Emails show Republican majority on Council of State objected to Governor’s order closing restaurants

What led to closure of bars, restaurants in NC

CHARLOTTE, N.C. (WBTV) – New emails obtained by WBTV show the Republican majority on the Council of State objected to an order issued in mid-March by Governor Roy Cooper closing bars and restaurants to in-person dining.

The Council of State is made up of Cooper and the nine other state-wide elected officials in North Carolina. The body meets once a month and its biggest task, typically, is to approve the sale or transfer of state property. Votes taken by the Council of State are rarely controversial.

But a request from Cooper for the body to concur with two executive orders he issued on March 17 was anything but routine.

Council members first received an email from a lawyer at the N.C. Department of Public Safety, Will Polk, advising them to “please stand by for a concurrence e-mail on a new Executive Order related to COVID-19.”

That email was sent at 11:25 a.m. on March 17.

Polk followed up with the second email formally seeking concurrence a little more than an hour later, emails show, at 12:42 p.m.

In the email, Polk told the officials Cooper was seeking concurrence on two items: one related to waiving some regulations that would allow the state to expand eligibility for unemployment benefits and a second to close bars and restaurants to indoor dining.

DOCUMENT: Emails show Republican majority on Council of State objected to Governor’s order closing restaurants

“The Governor respectfully requests your concurrence on these matters by 1:15 p.m. on March 17, 2020,” Polk’s email concluded.

WBTV first requested the emails from Polk and any responses he received on March 17 under the North Carolina Public Records Act, which requires state agencies to produce records “as promptly as possible.”

But DPS did not produce the records until late last week, the same day WBTV and a coalition of 26 other media outlets filed a public records lawsuit against the agency, the N.C. Department of Health and Human Services and Cooper.

The emails show all three remaining members of the Council of State—Attorney General Josh Stein, Secretary of State Elaine Marshall, State Auditor Beth Wood—concurred with both items.

DPS did not produce any emails showing how one Council of State member, Superintendent of Public Instruction Mark Johnson, voted.

Four Republicans—Lieutenant Governor Dan Forest, Labor Commissioner Cherie Berry, Agriculture Commissioner Steve Troxler and Insurance Commissioner Mike Causey—concurred with the first item, which would expand unemployment benefits.

State Treasurer Dale Folwell, the remaining council member, never explicitly rejected the first item but questioned Cooper’s handling of the matter via email.

“To repeat: The Governor himself needs to address compliance of #1 with the Council of State for there to be a motion,” Folwell wrote in one of several email he sent Polk questioning the manner and methods of the way in which Cooper was seeking concurrence.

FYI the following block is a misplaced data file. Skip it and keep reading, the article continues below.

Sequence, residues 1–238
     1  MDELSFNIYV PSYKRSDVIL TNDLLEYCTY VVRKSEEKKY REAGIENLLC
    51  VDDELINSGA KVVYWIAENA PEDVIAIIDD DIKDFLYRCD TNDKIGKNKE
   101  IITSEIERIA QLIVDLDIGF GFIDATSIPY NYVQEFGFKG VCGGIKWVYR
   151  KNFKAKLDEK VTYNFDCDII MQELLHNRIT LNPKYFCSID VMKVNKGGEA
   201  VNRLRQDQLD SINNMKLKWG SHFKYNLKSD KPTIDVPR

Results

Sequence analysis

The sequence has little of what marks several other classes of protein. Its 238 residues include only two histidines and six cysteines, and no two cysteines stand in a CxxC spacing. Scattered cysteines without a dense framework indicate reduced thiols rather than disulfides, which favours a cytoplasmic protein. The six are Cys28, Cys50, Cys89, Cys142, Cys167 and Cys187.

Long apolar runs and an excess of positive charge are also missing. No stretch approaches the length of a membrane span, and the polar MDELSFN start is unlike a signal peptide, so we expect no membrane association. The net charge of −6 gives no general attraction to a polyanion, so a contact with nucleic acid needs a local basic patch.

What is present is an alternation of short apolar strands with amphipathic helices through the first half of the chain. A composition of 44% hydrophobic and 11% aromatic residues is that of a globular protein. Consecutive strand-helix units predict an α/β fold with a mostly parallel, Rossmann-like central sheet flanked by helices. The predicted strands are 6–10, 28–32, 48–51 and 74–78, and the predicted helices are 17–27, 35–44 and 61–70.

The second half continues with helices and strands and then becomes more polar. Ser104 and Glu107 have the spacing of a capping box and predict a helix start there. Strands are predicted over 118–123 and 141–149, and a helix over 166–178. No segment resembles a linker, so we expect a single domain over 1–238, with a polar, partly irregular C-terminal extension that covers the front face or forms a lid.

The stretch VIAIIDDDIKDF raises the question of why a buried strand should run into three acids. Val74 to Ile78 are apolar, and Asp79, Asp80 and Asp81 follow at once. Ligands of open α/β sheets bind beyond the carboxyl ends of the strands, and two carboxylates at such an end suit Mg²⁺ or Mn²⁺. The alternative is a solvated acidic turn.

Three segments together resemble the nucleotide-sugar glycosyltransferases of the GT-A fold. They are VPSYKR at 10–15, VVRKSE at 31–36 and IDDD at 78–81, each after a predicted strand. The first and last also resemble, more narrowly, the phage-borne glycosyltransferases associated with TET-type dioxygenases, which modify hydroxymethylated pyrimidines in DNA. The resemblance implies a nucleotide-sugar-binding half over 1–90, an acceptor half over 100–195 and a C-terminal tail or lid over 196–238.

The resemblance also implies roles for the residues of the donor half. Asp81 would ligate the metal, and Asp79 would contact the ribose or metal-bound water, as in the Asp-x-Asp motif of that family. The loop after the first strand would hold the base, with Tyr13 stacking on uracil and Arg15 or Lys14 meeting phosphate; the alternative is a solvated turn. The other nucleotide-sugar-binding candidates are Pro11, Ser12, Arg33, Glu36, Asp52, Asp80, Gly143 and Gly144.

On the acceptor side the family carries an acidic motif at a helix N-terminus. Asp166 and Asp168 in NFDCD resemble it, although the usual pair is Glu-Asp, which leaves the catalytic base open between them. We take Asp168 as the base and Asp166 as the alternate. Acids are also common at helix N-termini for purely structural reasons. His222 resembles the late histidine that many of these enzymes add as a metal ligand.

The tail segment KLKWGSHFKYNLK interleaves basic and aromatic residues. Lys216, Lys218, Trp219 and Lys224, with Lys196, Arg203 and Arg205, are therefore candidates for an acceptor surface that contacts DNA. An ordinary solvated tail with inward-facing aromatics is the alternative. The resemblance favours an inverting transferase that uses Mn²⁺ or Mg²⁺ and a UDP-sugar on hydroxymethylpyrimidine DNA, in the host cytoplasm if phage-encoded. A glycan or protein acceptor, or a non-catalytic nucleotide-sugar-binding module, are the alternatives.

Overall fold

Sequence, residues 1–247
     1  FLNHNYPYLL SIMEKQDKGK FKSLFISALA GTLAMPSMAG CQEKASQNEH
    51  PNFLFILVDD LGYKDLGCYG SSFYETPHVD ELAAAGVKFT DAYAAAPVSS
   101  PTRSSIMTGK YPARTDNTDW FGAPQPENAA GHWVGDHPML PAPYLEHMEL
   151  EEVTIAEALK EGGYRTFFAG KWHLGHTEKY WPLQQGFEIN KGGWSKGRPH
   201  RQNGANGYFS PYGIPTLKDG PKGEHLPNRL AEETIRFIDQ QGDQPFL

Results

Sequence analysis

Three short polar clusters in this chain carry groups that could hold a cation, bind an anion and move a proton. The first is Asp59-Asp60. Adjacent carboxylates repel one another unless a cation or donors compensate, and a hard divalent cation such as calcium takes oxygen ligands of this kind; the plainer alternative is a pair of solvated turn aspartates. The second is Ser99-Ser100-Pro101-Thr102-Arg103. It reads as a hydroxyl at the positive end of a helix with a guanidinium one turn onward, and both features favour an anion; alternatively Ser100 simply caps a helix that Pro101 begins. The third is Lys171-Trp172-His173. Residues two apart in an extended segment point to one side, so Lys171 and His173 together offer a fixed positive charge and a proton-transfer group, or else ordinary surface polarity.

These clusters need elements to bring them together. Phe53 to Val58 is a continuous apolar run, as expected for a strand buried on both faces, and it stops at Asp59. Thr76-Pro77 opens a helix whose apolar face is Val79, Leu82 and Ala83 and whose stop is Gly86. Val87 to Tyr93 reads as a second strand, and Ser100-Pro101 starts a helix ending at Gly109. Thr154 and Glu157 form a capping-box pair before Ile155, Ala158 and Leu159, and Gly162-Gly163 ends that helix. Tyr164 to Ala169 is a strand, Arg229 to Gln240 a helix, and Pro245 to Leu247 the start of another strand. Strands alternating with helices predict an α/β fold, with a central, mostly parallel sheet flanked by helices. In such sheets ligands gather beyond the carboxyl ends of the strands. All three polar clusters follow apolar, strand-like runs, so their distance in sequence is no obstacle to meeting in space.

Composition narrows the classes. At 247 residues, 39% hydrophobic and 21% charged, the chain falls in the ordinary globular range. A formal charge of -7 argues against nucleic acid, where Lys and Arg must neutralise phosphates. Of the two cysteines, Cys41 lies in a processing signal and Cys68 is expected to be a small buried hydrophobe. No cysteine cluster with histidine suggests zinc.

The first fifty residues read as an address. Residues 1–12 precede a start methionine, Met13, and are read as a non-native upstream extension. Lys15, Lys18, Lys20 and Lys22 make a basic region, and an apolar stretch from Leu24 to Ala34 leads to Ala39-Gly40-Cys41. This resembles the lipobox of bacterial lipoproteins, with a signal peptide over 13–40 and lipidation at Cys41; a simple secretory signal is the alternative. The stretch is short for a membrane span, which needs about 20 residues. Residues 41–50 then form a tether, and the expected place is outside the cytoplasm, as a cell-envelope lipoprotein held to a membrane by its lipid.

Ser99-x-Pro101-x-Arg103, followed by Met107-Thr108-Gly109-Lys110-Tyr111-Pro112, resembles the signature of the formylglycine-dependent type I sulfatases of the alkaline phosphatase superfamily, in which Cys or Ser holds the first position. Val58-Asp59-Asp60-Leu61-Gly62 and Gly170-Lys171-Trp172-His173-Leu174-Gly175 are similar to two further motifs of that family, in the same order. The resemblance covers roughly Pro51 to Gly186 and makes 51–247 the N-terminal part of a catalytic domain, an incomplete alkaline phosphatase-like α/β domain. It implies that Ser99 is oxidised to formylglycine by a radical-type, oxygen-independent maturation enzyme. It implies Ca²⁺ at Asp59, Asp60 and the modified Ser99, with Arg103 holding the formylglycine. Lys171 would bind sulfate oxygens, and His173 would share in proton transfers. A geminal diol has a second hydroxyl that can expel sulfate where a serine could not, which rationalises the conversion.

None of the five Republican council members whose emails are included in the DPS production concurred with the second request, to close bars and restaurants to in-person dining.

“The Governor needs to set up a process to discuss and amend Item #2 in order to potentially UNIFY the NC Council of State against COVID 19,” Folwell wrote in the same email in which he called for Cooper to address the compliance of his proposal regarding unemployment benefits.

Other Republican members expressed the same frustration as Folwell at not having had any time to discuss the proposals.

“On Item #2, Commissioner Berry would like to have been afforded the courtesy of commenting on this item before it was made public,” Berry’s chief of staff, Art Britt, said in an email back to Polk.

In the first of two responses, Causey first called for additional debate on the second item.

“I feel this needs further discussion,” Causey said.

Forest, who is challenging Cooper in this year’s race for governor, raised a number of questions about the proposals, including the timing of communication to the Council of State.

“In #2 are you asking for concurrence in something the Governor has already announced?” Forest asked.

Folwell, the state treasurer, asked multiple times for a final vote count. An email with the final tally was not included in the emails produced by DPS.

Ultimately, Cooper issued both executive orders and bars and restaurants were ordered to close for in-person dining. Restaurants have since been allowed to re-open at a reduced capacity as part of phase two of the state’s re-opening but bars remained closed.

In the time since this vote in mid-March, Cooper and his staff have disputed whether concurrence from the Council of State is required for the governor to issue emergency executive orders.

That stance was reiterated by a second DPS attorney, Ashleigh Vargas, in the email producing the emails to WBTV.

“As a reminder, for the March 17 order limiting sale of food and beverages to take out, drive-through and delivery, the order did not require concurrence as the Governor and the Secretary of DHHS have the authority to do this under state public health and emergency powers law,” Vargas said.

She did not respond to a follow-up question from a reporter asking why Cooper sought concurrence from the Council of State if it was not required.

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